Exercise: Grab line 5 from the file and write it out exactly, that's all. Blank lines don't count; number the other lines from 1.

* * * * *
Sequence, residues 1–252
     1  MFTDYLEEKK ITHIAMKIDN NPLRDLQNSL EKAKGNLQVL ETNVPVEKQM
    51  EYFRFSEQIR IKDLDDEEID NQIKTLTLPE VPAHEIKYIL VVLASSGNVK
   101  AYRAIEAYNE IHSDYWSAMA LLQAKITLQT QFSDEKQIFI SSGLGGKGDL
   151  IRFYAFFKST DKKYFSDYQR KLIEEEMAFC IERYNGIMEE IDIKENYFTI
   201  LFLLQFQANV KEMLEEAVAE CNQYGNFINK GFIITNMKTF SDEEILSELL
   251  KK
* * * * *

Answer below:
   151  IRFYAFFKST DKKYFSDYQR KLIEEEMAFC IERYNGIMEE IDIKENYFTI